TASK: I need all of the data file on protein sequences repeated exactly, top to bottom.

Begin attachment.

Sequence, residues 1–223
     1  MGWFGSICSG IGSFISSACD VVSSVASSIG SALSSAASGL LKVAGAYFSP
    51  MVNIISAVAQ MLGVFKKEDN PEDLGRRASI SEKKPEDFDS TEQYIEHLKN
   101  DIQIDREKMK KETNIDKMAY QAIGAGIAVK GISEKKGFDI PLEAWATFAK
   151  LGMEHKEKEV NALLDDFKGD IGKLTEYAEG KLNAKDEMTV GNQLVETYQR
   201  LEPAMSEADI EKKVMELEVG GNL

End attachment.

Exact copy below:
Sequence, residues 1–223
     1  MGWFGSICSG IGSFISSACD VVSSVASSIG SALSSAASGL LKVAGAYFSP
    51  MVNIISAVAQ MLGVFKKEDN PEDLGRRASI SEKKPEDFDS TEQYIEHLKN
   101  DIQIDREKMK KETNIDKMAY QAIGAGIAVK GISEKKGFDI PLEAWATFAK
   151  LGMEHKEKEV NALLDDFKGD IGKLTEYAEG KLNAKDEMTV GNQLVETYQR
   201  LEPAMSEADI EKKVMELEVG GNL